zz zZ Z Z #!perl

Replies are listed 'Best First'.
Re: Reinventing the spaceship
by perrin (Chancellor) on Apr 08, 2003 at 17:44 UTC
    I see this problem all the time. Because I wrote an article about templating systems, I often get mail from people who say "hey, I have this great new system that I built." I look at it, and it's very close to one that already exists, but with a fraction of the functionality and polish. I point this out and I hear "well, mine is smaller and faster." Then I point out that it's smaller and faster because it doesn't do a whole bunch of things that any non-trivial system requires. Then I hear "well, I looked at that one but I didn't really get it."

    It's a common problem. One thing I tell people about this is that it's okay to grab a CPAN module and hack it to pieces so that it works just the way you want it to. I've done that before, and it saved me time. Yes, you have forked the module at that point, but you also got a solution that works with minimal effort, and there's a good chance you will be able to either release your version or merge future changes from CPAN into it.

    Not everything on CPAN is great, but some of it is. If people are telling you "hey, check out DBIx::Padiddle because it rocks for what you are trying to do" then you should really put some effort into understanding it. Big modules can be scary, but usually they are big for a reason, and writing your own version will not be as simple or as fast as you imagine.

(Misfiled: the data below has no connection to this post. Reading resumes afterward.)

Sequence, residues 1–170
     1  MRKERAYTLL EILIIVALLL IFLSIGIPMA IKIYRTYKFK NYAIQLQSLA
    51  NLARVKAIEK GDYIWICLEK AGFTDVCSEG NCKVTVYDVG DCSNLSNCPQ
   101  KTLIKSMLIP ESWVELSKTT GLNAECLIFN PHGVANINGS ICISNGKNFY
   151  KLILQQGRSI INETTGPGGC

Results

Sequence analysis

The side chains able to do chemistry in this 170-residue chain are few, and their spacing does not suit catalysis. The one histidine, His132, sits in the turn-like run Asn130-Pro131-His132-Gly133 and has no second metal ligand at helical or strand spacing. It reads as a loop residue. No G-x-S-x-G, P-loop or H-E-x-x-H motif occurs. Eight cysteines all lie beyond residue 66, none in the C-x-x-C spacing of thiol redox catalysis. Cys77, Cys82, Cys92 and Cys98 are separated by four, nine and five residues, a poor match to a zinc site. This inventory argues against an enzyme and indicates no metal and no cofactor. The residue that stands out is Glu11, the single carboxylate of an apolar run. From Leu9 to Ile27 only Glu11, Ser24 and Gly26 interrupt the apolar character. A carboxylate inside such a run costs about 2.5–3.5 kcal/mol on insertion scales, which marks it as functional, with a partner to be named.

Re: Reinventing the spaceship
by BrowserUk (Pope) on Apr 08, 2003 at 20:52 UTC

    I don't think you should feel the need to apologise. I've just read the thread 3 times and see nothing much for you to apologise for:)

    From my perspective, CPAN is a great idea, and much of what is on CPAN is great too, but some of it is not-so-great, and some is not good at all.

    If there is one single critisism that I would level at CPAN--and I know I will take a hit for saying this out loud--it is a lack of coordinated design.

    This manifests itself in several ways:

    • Modules that provide one extremely useful and needed facility, that carry a burden of "flesh it out" code in order to justify the modules existance.

      I won't cite examples as I have stepped on toes before, but there are several modules that I have installed, and many more I have rejected, that provide something I need, but carry so many extras that I don't want or need.

      Would it not be possible to provide the core functionality as one module that is as light and efficient as possible, and where there are nice-to-have or logical-extensions to that functionality, then provide these as add-ons that sit below the main namespace and that can be installed as an option.

      This segregation would have several benefits:

      1. It would become clear from download statistics which parts are most used and which are not.
      2. It becomes easier to download and install.
      3. It becomes easier to document.
      4. It becomes easier to read the documentation.
      5. It becomes easier to maintain.

    • Another problem is the lack of a coordinated style of interface.